Imprisoned in a Luminous Glare

Imprisoned in a Luminous Glare: Photography and the African American Freedom Struggle

Leigh Raiford
Copyright Date: 2011
Pages: 312
https://www.jstor.org/stable/10.5149/9780807882337_raiford
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  • Book Info
    Imprisoned in a Luminous Glare
    Book Description:

    InImprisoned in a Luminous Glare, Leigh Raiford argues that over the past one hundred years activists in the black freedom struggle have used photographic imagery both to gain political recognition and to develop a different visual vocabulary about black lives. Raiford analyzes why activists chose photography over other media, explores the doubts some individuals had about the strategies, and shows how photography became an increasingly effective, if complex, tool in representing black political interests.Offering readings of the use of photography in the antilynching movement, the civil rights movement, and the black power movement, Raiford focuses on key transformations in technology, society, and politics to understand the evolution of photography's deployment in capturing white oppression, black resistance, and African American life. By putting photography at the center of the long African American freedom struggle, Raiford also explores how the recirculation of these indelible images in political campaigns and art exhibits both adds to and complicates our memory of the events.

    eISBN: 978-1-4696-0341-4
    Subjects: Sociology, Art & Art History

Table of Contents

  1. Front Matter
    (pp. i-vi)
  2. Table of Contents
    (pp. vii-viii)
  3. ACKNOWLEDGMENTS
    (pp. ix-xvi)
  4. INTRODUCTION
    (pp. 1-28)

    For nearly two weeks in early May of 1963, national and international audiences rose each morning to images of violence, confrontation, and resistance splashed across the front pages of their major newspapers. Black-and-white photographs paraded daily through theNew York Timesand theWashington Postdepicted white police officers in Birmingham, Alabama, wielding high-powered fire hoses and training police dogs on nonviolent black and often very young protesters (figures i.1, i.2). Organized by the Southern Christian Leadership Conference (SCLC), “Projec C” (for “confrontation”) brought center stage the publicly unacknowledged terror, violence, and daily inequities African Americans had long suffered at...

  5. 1 No Relation to the Facts about Lynching
    (pp. 29-66)

    On Thursday, November 30, 1922, James Weldon Johnson, executive secretary of the National Association for the Advancement of Colored People (NAACP), sat in his by-then familiar place in the gallery of the United States Senate. Johnson watched wearily as the fruit of the labor of thousands of women and men worldwide slowly rotted below him. After more than two years of tireless lobbying, editorializing, propagandizing, fund-raising, and protesting, the fight for the Dyer Anti-Lynching Bill was coming to an end. The Dyer bill, the first legislation of its kind sponsored by the NAACP, sought “to assure persons within the jurisdiction...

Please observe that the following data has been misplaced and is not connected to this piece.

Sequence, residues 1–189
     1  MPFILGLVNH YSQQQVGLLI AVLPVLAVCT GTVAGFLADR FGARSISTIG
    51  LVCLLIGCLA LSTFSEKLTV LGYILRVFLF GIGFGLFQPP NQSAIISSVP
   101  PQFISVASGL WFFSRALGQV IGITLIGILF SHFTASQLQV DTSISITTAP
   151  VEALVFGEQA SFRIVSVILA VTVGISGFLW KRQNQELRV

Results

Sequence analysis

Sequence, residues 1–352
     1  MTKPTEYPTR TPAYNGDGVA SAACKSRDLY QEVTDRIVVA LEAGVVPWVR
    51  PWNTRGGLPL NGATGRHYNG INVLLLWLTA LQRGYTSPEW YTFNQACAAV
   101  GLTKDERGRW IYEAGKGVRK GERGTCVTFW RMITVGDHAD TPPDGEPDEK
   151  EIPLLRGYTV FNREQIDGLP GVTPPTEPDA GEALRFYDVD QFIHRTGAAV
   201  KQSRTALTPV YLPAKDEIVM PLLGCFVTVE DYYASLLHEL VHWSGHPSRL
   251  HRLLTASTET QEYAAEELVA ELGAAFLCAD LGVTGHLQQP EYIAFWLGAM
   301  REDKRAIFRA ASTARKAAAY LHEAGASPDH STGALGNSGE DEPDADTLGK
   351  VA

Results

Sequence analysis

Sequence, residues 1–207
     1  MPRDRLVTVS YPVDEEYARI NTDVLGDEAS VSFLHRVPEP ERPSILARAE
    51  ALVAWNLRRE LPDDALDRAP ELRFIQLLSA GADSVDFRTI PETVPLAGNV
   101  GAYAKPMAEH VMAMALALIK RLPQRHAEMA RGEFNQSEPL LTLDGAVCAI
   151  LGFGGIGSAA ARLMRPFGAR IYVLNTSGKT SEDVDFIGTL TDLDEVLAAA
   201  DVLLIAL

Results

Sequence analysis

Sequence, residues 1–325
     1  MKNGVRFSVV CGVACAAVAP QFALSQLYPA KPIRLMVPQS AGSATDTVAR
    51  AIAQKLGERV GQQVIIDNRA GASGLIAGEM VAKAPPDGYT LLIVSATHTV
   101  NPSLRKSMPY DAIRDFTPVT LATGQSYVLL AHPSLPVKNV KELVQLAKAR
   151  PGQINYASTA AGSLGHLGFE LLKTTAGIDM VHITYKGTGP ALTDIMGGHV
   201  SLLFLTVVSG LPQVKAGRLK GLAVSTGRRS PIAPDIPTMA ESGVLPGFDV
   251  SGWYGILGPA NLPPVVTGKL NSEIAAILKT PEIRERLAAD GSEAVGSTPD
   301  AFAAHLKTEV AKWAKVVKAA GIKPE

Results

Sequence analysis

6. 2 Come Let Us Build a New World Together
    (pp. 67-128)

    In July 1962, nineteen-year-old Danny Lyon, a white man from Forest Hills, Queens, New York, hitchhiked from Chicago 390 miles south to Cairo, Illinois. Lyon had just completed his junior year at the University of Chicago where he was studying photography and history. Inspired by the nineteenth-century “historian with a camera” Matthew Brady, renowned for visually chronicling the Civil War, Lyon set out to photograph another civil war and sought to document the activities of the radical youth organization, the Student Nonviolent Coordinating Committee, better known as SNCC (“snick”). Only two years old, SNCC had already gained a reputation among...

  7. 3 Attacked First by Sight
    (pp. 129-208)

    In early May 1967, Huey P. Newton, cofounder and minister of defense of the six-month-old Black Panther Party (BPP), assembled with Bobby Seale, the party’s cofounder and chairman; Eldridge Cleaver, the recently named minister of information; Kathleen Cleaver, former SNCC member and now BPP communications secretary; and a photographer named Brent Jones. The group met in the San Francisco apartment of Eldridge Cleaver’s white attorney, Beverly Axelrod.¹ The primary purpose for this gathering was to make a photograph of Newton that could then be transformed into a poster to raise funds for and awareness about the nascent BPP. The party...

  8. CONCLUSION: Or Was It the Pictures That Made Her Unrecognizable?
    (pp. 209-238)

    Each Tuesday through Sunday for nearly two months in the winter of 2000, multiracial and multigenerational crowds lined up in the bitter cold of Manhattan’s tony upper East Side to witness a lynching. On January 13 of that year,Witness: Photographs of Lynchings from the Collection of James Allen and John Littlefield, opened at the very small, some might even say intimate, Roth Horowitz Gallery, an art space usually dedicated to the display of antiquarian books. The Roth Horowitz selected some seventy-five images supplemented by a few literary volumes, including first editions of Paul Lawrence Dunbar’sOak and Ivy, Oscar...

  9. NOTES
    (pp. 239-260)
  10. BIBLIOGRAPHY
    (pp. 261-282)
  11. INDEX
    (pp. 283-293)